It’s been a rough couple of years for traditional retail. Companies like Amazon have upended the retail structure, and as consumers continue to turn to e-commerce, brick-and-mortar retailers must adapt to survive.
To do so, many companies are turning to hot-button tactics like virtual reality (VR) and augmented reality (AR), simple or even nonexistent payment tactics (hello ApplePay and Amazon Go), and more. However, these strategies are more aspirational than practical, as they require heavy infusions of capital, huge upgrades to existing infrastructure and widespread consumer adoption to be successful.
While retailers work to make these long-term dreams a reality, there are several trends brick-and-mortar retailers can pursue to stay relevant and competitive in the more immediate future:
1. A Focus on Stores as Showrooms
As the purchase process continues to migrate online, we’re seeing brick-and-mortar stores used as a way for consumers to feel and see products before they pull out their phones and make a purchase. This approach works best for categories like furniture, where people are traditionally hesitant to purchase without physically interacting with products.
Examples of this strategy include Apple stores, which focus more on showcasing products and what they can do, or Bonobos’ guideshops, which exist purely as a way for consumers to interact with the web retailers’ goods (you can’t even walk away with any merchandise, but you can order clothing).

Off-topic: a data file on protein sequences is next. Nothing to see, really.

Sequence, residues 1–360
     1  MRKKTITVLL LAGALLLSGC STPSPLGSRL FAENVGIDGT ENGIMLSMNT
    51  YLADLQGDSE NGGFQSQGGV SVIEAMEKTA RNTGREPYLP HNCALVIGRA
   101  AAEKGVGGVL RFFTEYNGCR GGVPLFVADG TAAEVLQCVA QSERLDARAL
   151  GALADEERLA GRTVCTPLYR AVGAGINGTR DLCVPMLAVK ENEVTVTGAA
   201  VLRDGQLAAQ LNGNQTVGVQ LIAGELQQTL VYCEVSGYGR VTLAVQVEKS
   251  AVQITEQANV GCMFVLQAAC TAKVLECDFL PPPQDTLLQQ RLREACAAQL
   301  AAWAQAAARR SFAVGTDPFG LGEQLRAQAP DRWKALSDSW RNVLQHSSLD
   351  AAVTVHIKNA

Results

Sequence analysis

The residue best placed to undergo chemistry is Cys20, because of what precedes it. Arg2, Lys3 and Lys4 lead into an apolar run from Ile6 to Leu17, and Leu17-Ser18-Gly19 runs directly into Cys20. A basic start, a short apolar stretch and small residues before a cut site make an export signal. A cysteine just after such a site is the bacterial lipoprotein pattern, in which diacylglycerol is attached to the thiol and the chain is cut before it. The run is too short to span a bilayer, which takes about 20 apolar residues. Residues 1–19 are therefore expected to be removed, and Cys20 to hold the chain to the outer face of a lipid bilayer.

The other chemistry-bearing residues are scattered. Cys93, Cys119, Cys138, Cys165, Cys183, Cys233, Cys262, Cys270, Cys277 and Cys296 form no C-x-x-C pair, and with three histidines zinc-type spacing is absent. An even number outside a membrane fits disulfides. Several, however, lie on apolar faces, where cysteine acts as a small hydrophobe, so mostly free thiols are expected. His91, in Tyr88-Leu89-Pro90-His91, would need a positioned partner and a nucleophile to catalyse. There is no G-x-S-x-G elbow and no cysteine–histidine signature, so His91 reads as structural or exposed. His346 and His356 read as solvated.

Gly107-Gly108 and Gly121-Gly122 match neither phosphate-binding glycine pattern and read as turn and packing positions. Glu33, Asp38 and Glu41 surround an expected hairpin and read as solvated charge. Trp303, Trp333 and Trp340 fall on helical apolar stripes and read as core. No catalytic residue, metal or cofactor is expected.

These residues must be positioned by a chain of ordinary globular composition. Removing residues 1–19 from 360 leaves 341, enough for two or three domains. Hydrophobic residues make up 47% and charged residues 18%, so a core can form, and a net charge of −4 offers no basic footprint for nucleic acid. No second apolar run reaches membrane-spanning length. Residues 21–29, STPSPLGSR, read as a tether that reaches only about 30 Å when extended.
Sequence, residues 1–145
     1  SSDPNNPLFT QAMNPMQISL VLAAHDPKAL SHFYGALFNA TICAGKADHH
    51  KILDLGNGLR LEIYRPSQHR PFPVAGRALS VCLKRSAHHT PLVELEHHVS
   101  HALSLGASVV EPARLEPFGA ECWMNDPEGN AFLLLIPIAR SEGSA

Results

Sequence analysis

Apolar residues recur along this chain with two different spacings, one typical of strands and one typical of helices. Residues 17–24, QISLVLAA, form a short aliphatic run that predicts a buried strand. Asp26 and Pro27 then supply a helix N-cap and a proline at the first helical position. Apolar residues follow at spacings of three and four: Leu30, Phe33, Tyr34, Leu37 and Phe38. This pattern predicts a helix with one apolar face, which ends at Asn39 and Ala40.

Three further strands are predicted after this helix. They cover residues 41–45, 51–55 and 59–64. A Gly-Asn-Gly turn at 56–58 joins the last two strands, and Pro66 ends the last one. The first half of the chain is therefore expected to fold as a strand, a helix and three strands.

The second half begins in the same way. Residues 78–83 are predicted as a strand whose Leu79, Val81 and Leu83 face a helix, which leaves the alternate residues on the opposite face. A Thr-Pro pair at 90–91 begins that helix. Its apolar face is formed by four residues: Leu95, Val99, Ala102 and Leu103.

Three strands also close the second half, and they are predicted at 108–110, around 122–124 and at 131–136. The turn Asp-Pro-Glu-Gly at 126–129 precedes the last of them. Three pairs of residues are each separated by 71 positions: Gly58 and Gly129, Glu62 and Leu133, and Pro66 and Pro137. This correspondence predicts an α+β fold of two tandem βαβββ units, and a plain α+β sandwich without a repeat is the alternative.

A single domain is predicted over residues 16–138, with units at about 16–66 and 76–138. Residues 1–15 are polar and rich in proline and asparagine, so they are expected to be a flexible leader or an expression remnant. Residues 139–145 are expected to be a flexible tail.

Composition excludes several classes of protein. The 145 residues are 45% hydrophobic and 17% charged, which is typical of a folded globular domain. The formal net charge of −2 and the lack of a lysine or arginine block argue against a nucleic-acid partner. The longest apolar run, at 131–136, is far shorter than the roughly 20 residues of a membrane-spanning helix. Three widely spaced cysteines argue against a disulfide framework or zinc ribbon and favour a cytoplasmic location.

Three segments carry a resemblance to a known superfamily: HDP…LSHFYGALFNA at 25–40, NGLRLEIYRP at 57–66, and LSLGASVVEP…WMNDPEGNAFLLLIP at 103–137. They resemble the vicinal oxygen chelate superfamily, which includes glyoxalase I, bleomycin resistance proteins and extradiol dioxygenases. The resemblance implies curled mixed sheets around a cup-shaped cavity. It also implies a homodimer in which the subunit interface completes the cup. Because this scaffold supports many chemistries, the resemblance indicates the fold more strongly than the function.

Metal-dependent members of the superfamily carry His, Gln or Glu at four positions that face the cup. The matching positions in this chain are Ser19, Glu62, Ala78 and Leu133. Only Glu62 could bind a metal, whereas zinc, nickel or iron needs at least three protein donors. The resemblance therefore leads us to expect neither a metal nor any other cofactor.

Venture capital firms have invested more than $1.4 billion in blockchain since 2013, and more than 2,500 patents involving the technology have been filed in the same time frame. The implications for the financial world here are more obvious, but what does this trend mean for marketing? More than the average marketer may think, as it turns out.
Blockchain is the distributed ledger technology (DLT) behind bitcoin, the digital currency that’s used with encryption methods so that transactions are made without a middleman (banks). These days, businesses offering everyday consumer goods and services are increasingly accepting bitcoins. While Bitcoin was the first currency to be applied to this DLT strategy, it’s not the only currency that can be.
With Blockchain as the backbone of bitcoin, transactions are extremely fast and secure, all while being transparent. One blockchain analyst has compared it to a Google Doc, with our mainstream system of transactions being a Microsoft Word document. The ledger is shared for all to see and updates automatically every ten minutes, all while being incorruptible.
Considering these strengths, it’s only a matter of time before blockchain technology changes the marketing landscape as we know it. Here are three realms that may see changes due to blockchain technology in the not-so-distant future.
The idea of blockchain is already being applied to the world of ad buying, and isn’t so far away from being implemented on a larger scale. Nasdaq announced that in late 2017 it will launch an electronic marketplace using blockchain technology for the New York Interactive Ad Exchange.
The ledger will allow publishers, advertisers and media buyers to buy and sell ad space via an electronic marketplace. According to the NYIAE CEO Lou Severine, if this takes hold the way it’s intended, companies could implement the model across different forms of media including TV, radio and out-of-home markets.
The marketing world is abuzz with AI chatter. While people love to talk up AI’s potential for automating marketing, the reality doesn’t yet live up to the hype. A study from Oxford University, Deloitte and the BBC revealed that the risk of associate-level marketers losing their jobs to automation is fairly low, at only 33 percent. At the same time, new AI marketing innovations and applications appear daily, and keeping up with this evolution is essential.